Welcome to Episode 281 of The Intermittent Fasting Podcast, hosted by Melanie Avalon, author of What When Wine Diet: Lose Weight And Feel Great With Paleo-Style Meals, Intermittent Fasting, And Wine and Cynthia Thurlow, author of Intermittent Fasting Transformation: The 45-Day Program for Women to Lose Stubborn Weight, Improve Hormonal Health, and Slow Aging.
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Melanie Avalon: Welcome to Episode 281 of the Intermittent Fasting Podcast. If you want to burn fat, gain energy, and enhance your health by changing when you eat, not what you eat, with no calorie counting, then this show is for you. I'm Melanie Avalon, biohacker and author of What When Wine: Lose Weight and Feel Great with Paleo-Style Meals, Intermittent Fasting, and Wine. And I'm here with my cohost, Cynthia Thurlow, Nurse Practitioner and author of Intermittent Fasting Transformation: The 45-Day Program for Women to Lose Stubborn Weight, Improve Hormonal Health, and Slow Aging. For more on us, check out ifpodcast.com, melanieavalon.com, and cynthiathurlow.com. Please remember, the thoughts and opinions on this show do not constitute medical advice or treatment and no doctor-patient relationship is formed. So, pour yourself a mug of black coffee, a cup of tea, or even a glass of wine, if it's that time and get ready for The Intermittent Fasting Podcast.
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Hi, everybody, and welcome. This is episode number 281 of the Intermittent Fasting Podcast. I'm Melanie Avalon and I'm here with Cynthia Thurlow.
Cynthia Thurlow: Hello, there, my friend.
Melanie Avalon: How are you today, Cynthia? It's been a while?
Cynthia Thurlow: Yeah, I'm doing well, because it's like hard for me to say this, but my kids are all going to be in high school as of next week.
Melanie Avalon: Oh, wow.
Cynthia Thurlow: They're going back to school. Two different schools, but, yeah, we're in that mode of back-to-school shopping and supply purchases and new computers. And it's just hard to believe the summer is effectively over for them.
Melanie Avalon: So, this is actually a mind-blowing moment for me. So, when I was in high school, I was like the only person-- I brought a laptop to class, like nobody had laptops. Do all the kids use laptops now?
Cynthia Thurlow: Oh, it's interesting. My youngest is going to a magnet high school and they require laptops, so we had to purchase one for him. And my other son who goes to the local public high school, they are supplied with Chromebooks, which is like a laptop. And that's what they utilize. But I'm actually giving my oldest son my Apple because I'm going to get a new laptop. And he'll have that he can use for school.
But, yeah, it depends on where you are in school, like the STEM focus magnet schools and the school where my younger son is going, they require them, because they want them to be able to work from anywhere, not from the perspective of 24/7, like a lot of adults do. But they allow them to have a lot of freedom during the course of their day. And they like them tethered, not tethered to an outlet that they can just get up and use their laptop anywhere. Outside, inside, in the lounges, etc.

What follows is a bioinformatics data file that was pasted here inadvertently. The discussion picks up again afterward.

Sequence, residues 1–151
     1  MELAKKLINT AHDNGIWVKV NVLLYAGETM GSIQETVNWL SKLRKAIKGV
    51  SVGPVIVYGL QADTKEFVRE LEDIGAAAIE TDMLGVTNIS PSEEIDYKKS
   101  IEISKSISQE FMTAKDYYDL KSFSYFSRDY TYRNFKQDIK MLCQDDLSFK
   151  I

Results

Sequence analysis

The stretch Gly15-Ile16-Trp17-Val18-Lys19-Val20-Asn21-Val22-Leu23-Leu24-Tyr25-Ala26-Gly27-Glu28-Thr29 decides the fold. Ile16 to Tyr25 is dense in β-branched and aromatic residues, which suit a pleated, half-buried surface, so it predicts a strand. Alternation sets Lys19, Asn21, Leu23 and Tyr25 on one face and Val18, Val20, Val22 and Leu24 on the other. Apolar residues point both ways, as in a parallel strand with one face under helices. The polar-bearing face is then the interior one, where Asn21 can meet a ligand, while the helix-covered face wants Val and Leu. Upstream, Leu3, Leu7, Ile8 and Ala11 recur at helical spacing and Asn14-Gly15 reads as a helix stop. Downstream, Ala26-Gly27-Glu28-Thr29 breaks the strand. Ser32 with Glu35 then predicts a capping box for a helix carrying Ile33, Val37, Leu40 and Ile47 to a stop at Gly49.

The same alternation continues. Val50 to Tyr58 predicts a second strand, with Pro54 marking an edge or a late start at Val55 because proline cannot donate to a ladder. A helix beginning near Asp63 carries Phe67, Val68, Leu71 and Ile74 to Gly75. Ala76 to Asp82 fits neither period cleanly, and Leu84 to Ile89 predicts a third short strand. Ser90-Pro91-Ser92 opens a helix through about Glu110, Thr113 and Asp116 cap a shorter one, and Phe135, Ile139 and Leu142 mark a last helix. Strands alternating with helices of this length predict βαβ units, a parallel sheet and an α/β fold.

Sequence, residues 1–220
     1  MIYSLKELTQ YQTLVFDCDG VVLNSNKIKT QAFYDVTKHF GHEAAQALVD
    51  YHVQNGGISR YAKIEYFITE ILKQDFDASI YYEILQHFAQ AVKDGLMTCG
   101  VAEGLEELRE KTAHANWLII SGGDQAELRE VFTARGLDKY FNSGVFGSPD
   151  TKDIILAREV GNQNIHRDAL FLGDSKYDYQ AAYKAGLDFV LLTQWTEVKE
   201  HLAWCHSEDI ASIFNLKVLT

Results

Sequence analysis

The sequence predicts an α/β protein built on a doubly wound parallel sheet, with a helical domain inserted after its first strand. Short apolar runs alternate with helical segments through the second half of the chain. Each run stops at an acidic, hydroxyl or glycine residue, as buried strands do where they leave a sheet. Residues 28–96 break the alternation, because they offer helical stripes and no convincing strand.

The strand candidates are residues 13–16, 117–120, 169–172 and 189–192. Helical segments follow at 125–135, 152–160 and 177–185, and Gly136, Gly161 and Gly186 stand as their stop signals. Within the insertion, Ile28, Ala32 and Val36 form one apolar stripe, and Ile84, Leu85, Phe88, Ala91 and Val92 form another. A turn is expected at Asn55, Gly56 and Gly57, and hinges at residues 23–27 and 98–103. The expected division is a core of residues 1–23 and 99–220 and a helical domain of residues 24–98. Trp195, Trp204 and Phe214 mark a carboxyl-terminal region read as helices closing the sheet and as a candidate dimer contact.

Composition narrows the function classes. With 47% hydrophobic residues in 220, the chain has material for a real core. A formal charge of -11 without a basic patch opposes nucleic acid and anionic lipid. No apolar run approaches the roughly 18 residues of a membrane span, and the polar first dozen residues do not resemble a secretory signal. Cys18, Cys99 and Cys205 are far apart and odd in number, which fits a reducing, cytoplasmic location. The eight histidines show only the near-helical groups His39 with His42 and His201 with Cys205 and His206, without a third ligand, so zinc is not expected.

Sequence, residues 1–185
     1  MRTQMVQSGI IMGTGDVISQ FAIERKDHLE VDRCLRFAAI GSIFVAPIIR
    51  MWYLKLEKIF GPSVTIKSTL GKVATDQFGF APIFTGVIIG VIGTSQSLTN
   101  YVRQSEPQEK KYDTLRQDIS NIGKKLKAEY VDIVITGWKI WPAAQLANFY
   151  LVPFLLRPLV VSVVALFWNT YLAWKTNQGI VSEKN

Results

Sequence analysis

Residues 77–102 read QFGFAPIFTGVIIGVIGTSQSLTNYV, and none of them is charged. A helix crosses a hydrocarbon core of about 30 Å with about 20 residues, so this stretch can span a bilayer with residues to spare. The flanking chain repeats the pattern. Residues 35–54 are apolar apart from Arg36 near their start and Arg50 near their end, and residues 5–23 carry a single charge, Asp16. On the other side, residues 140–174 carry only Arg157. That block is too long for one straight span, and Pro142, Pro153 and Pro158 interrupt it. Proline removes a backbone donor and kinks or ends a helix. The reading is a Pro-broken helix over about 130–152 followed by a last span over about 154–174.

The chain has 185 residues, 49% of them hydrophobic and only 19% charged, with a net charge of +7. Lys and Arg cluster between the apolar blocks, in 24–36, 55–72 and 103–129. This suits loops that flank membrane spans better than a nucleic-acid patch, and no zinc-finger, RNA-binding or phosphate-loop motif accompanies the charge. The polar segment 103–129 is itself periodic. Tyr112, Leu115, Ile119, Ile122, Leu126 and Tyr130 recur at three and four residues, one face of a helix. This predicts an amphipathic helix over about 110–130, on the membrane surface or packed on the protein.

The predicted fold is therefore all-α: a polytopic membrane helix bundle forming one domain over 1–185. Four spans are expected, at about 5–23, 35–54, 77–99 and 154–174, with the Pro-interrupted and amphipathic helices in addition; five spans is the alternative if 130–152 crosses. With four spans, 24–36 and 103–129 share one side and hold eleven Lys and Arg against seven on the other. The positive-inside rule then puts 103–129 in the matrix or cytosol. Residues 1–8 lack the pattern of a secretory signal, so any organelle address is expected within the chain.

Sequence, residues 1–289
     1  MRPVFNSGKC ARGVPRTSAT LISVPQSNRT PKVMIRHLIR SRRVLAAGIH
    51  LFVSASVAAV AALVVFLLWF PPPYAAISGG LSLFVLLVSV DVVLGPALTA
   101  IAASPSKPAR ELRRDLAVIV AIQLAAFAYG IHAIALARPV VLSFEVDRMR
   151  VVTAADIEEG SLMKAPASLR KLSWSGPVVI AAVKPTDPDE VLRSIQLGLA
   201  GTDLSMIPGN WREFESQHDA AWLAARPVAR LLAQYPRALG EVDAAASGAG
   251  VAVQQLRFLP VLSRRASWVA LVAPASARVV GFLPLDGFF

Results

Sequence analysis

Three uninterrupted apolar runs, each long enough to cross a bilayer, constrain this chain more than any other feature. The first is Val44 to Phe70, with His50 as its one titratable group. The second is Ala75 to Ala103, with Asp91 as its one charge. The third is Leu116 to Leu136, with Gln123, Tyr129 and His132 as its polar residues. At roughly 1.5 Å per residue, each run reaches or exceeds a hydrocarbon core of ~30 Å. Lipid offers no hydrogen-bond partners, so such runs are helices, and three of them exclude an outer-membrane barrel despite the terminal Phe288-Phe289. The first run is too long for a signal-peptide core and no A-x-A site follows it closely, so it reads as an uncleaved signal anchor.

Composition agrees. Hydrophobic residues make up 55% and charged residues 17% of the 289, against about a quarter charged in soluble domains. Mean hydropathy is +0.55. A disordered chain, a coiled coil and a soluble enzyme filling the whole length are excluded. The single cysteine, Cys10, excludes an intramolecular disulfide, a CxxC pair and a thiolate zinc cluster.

Melanie Avalon: It's just so funny to think about how things have changed, because literally I was the only person and I brought a laptop to-- I had to get permission to do it. And they were fine. But it was because I was like it's so much more efficient for me to type my notes during a lecture than write them because I ended up retyping them anyways.
Cynthia Thurlow: I'll really date myself here. When I went to college, there were three of us in college at the same time. Back then computers were super expensive, like prohibitively expensive. I had a word processor. I'm sure there are probably some listeners who remember what that was. But I had a word processor, not even a computer. I didn't have a computer until I went to graduate school. I think it was even like a hand me down like iMac that my mom had. So, yeah, past facts.
Melanie Avalon: Things have been changing.
Cynthia Thurlow: Absolutely.
Melanie Avalon: I have an interesting experience to share with listeners. How long have you had an Oura ring, Cynthia?
Cynthia Thurlow: A little more than a year, might be about a year and a half.
Melanie Avalon: Okay, I've had mine about two years. I can verify on it that I got sick for the first-time last week, with the exception of COVID. I don't really count COVID. I haven't gotten sick in at least two years. I don't remember getting sick, like before my Oura ring. I think it's probably been about three years of getting sick non-COVID. I had a fever and chills. And it's so funny, I was so excited-- not excited, but that night that it hit me, I was like, I can't wait to wake up and look at my Oura ring and see if it knows that I'm sick. I did. And my score was awful, and it knew, that's when I was able to look back through the data and see if I'd had a fever at all in the past two years. But what's interesting is, the very next day, I was completely back to normal HRV wise, readiness score wise, and I've actually been better since before getting sick. But I have been so tired. It's like I'm experiencing the COVID fatigue that people talk about. But I didn't have COVID because I tested, I didn't have COVID this time around. Some things I've noticed during this experience, to share with listeners is one, for people who take my Serrapeptase, I'm blown away because my memories of being sick are congestion and runny nose and not being able to breathe. Interestingly, I haven't had barely any of that. I know it's all there, but the Serrapeptase just keeps me so clear. So, I've been so, so grateful for that.